Saturday night’s matchup between the Celtics and the Warriors was the perfect cliched atmosphere. This one felt like a playoff game, the two best guards in the league were battling back and forth, and this could be a potential NBA Finals matchup.
But there was nothing cliched about Stephen Curry and Kyrie Irving’s performances in the Warriors 109-105 victory over the Celtics at Oracle Arena. Curry dominated the second half, but did so getting to the line just two times before the final minutes of the game.
Returning talent and developing it is often as important as — if not more important than — landing 5-star, one-and-done recruits when it comes to success at the college level.
Perhaps no program in the country epitomizes that lesson more than Villanova.
The Wildcats built a national power despite never producing a one-and-done player. They’ve earned a No. 1 or 2 seed in the NCAA Tournament each of the last four years, won four straight Big East regular season titles outright and cut down the nets in 2016 all without landing a top-25 recruiting class in any of those seasons, per 247Sports. So far, just four players from those teams have suited up for an NBA game. Consistent and quality player development has been crucial.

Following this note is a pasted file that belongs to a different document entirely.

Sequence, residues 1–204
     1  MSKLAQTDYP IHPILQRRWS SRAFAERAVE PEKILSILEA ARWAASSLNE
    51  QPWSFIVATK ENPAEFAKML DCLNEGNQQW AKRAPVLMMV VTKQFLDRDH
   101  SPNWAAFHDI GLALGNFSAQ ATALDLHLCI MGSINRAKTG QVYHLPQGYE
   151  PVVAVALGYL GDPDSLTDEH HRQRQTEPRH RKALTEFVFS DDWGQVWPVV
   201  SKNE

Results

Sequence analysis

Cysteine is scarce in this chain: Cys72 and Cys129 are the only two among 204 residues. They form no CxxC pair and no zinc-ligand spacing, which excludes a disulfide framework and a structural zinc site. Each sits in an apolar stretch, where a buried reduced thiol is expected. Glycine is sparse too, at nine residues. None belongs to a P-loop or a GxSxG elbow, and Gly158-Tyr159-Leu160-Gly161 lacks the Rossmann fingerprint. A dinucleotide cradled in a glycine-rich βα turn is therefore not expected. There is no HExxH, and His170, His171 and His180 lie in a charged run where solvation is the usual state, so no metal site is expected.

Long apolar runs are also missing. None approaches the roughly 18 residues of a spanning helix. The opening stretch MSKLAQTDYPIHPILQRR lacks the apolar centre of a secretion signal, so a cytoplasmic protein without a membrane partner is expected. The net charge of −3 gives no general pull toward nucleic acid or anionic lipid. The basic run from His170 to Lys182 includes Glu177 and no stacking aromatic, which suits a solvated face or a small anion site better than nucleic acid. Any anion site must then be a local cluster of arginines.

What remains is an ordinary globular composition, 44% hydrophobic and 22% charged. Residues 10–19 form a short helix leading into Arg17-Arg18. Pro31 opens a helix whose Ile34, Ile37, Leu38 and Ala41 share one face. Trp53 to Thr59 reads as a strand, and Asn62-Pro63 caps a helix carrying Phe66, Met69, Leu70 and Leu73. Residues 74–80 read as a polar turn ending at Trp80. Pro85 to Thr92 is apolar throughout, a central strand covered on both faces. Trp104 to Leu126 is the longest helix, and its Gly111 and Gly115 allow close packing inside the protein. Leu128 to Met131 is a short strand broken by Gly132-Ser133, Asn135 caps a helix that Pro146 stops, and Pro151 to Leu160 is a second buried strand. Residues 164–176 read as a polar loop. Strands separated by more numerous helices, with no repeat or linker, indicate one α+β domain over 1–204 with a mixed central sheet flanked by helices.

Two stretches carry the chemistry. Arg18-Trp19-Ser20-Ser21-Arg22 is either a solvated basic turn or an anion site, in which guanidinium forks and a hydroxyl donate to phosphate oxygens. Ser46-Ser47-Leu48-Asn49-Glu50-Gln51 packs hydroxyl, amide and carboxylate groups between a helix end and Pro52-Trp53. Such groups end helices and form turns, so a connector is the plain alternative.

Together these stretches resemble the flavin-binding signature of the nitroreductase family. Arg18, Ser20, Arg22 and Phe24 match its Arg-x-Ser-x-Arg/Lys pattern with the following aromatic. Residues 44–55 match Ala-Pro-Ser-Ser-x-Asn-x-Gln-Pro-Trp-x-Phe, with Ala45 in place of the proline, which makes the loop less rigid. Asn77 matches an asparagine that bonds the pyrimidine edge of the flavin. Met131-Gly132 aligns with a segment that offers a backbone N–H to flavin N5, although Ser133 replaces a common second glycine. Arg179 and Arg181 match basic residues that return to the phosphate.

Sacramento’s social media team used video-game graphics to perfectly illustrate the frustrations of playing Gregg Popovich’s team.
After taking a hard look at his career arc, Myers also began seeing a sports psychologist over the winter. He plans to maintain a regular regimen of mental skills training throughout the season.
“I’ve always been a guy who had great physical ability and never really put it together,” Myers said. “This is the first offseason I was like, ‘My mental ability is not where it needs to be.’ I felt like my talent has taken it as far as it will get me, and I have to continue to work to be more than just an average player in the big leagues. This offseason, I checked every single box and did everything I possibly could do.”
One development was beyond Myers’ control. Two days before the Padres’ first full-squad workout, the team signed Eric Hosmer to a franchise-record eight-year, $144 million contract. The first domino was moving Myers from first base to right field.